Two weeks ago, Philadelphia agreed to pay $9.25 million in a settlement to hundreds of protesters claiming to be victims of police brutality during the 2020 George Floyd protests. In a class-action lawsuit consolidating four federal cases, the plaintiffs allege that police “[chased] residents into their homes and indiscriminately fire[d] canisters of tear gas at them,” causing them to sustain immense “physical and emotional injuries.”

As the Philadelphia Inquirer reports, specific events during the protests were central to the plaintiffs’ lawsuit, such as when police surrounded protesters on the Vine Street Expressway and “shot rubber bullets and launched tear gas into the fleeing crowd.” The event generated national attention, and Police Commissioner Danielle Outlaw later apologized for the officers’ approach.

During the incident, former Philadelphia SWAT officer Richard Nicoletti (later fired and charged with assault) allegedly pepper-sprayed three of the plaintiffs in the face at close range. Other alleged incidents of police abuse in the four federal suits include a family whose home was tear-gassed, making it difficult for the children to breathe, and a protester so tightly zip-tied that he needed three surgeries to heal the damage done to his wrists. The city has also earmarked $500,000 for free mental-health services for traumatized victims of police violence in West Philadelphia, a predominantly black neighborhood.

Though paying more than $9 million to the protesters seems excessive, it does appear that police poorly managed the several chaotic incidents described in the case, and that some officers’ use of force was indeed disproportionate.

We shouldn’t lose sight, though, of the broader context. In June 2020, Philadelphia police were dealing with unprecedented levels of arson, looting, and mass demonstrations, costing the city $21 million in damages. Buildings were vandalized and burned to the ground. The city instituted a curfew after 13 officers were injured and several police cars were burned. Philadelphia ran an article entitled “Black-Owned Businesses That Were Damaged and Looted—and How You Can Support Them,” which named several black-run restaurants, tailor shops, and clothing stores that Black Lives Matters rioters didn’t spare. Democratic mayor Jim Kenney, meantime, exploited the lawsuits to gain support from his progressive voting base. He has asserted that black residents endured “immeasurable” amounts of “pain and trauma,” and that the massive settlement is “just one step in the direction toward reconciliation.”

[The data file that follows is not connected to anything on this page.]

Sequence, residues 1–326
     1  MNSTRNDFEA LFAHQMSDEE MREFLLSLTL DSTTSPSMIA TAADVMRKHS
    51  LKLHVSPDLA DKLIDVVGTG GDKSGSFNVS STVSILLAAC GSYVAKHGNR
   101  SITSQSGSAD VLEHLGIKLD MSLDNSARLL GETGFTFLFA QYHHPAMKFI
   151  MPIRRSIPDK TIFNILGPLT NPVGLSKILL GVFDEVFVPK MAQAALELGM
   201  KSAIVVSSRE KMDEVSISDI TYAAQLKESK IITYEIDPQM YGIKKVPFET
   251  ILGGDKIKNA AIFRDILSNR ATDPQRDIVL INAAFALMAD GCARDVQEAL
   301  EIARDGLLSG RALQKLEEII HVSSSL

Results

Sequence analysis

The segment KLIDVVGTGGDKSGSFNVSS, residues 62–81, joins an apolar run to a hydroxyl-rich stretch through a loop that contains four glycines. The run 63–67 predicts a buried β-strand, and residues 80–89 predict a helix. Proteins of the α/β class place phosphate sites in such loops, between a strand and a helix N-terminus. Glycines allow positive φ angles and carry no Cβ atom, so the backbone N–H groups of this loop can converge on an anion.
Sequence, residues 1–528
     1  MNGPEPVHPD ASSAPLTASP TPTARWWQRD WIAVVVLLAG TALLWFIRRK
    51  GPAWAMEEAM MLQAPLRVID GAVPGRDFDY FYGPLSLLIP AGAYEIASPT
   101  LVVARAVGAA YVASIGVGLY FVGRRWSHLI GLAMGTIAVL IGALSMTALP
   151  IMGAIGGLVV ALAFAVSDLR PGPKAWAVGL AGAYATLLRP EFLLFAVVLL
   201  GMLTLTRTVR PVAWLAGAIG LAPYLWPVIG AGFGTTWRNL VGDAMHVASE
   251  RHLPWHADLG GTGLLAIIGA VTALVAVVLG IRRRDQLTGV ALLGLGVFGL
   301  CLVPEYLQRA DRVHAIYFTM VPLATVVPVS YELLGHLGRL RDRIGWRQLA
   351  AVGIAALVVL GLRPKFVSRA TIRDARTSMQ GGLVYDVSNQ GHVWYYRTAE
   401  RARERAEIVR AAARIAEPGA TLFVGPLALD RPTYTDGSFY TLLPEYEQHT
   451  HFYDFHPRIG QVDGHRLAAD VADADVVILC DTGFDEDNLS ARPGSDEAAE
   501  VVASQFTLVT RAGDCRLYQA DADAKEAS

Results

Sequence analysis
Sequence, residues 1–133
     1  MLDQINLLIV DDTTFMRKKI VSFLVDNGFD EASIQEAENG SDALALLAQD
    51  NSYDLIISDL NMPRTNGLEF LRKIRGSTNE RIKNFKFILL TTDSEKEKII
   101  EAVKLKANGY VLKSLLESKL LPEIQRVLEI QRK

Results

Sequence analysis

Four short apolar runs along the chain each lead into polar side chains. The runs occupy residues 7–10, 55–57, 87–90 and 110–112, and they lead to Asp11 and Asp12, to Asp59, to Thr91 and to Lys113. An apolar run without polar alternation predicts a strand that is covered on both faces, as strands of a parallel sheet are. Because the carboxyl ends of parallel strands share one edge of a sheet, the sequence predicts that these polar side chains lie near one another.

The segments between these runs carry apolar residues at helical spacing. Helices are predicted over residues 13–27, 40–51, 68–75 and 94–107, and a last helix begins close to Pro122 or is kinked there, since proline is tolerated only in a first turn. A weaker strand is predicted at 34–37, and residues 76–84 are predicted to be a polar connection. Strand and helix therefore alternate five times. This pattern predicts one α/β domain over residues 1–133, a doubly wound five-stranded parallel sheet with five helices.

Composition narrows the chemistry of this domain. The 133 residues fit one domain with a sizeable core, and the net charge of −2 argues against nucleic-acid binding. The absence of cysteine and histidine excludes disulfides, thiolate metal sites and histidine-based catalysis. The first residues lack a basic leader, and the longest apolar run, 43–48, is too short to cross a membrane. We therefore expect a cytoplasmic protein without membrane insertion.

The drama of the lawsuits and vivid memories of summer 2020 can obscure a disparity in compensation and treatment between culturally sanctified Black Lives Matter protesters and politically inconvenient black victims of homicidal violence.

As I wrote in the year following the BLM-fueled de-policing trend, Philadelphia homicides (535) surpassed the previous record (500), set in 1990 during the height of the crack epidemic. The city saw more victims of homicide in 2021 than in 2014 (248) and 2015 (280) combined, the vast majority of them black (about 85 percent).

Last year finished with a modest decline in violence, though levels remain far higher than before 2020, when officers pulled back from proactive policing and left the force in droves (more than 300 officers have departed). As of March 29, current homicide levels are more than 40 percent higher across the city compared with the five-year average before the mass Black Lives Matter demonstrations.

Mayor Kenney’s sympathies with Black Lives Matter protesters are clear, but what does he have to say about the trauma endured by high school students with “multiple friends shot,” or local documentary filmmakers, who, covering the surge in violence, were killed themselves?

We needn’t speculate. While BLM protesters have won their payout for alleged police mistreatment, Mayor Kenney admits that he has never met with families of homicide victims in the city’s most crime-ridden neighborhoods, something his predecessors took the trouble to do.

For Democratic politicians like Kenney, some traumas are more politically exploitable than others—even when they pale in comparison with the ones ignored.

Photo by Alan Nuñez/AL DÍA News via Getty Images


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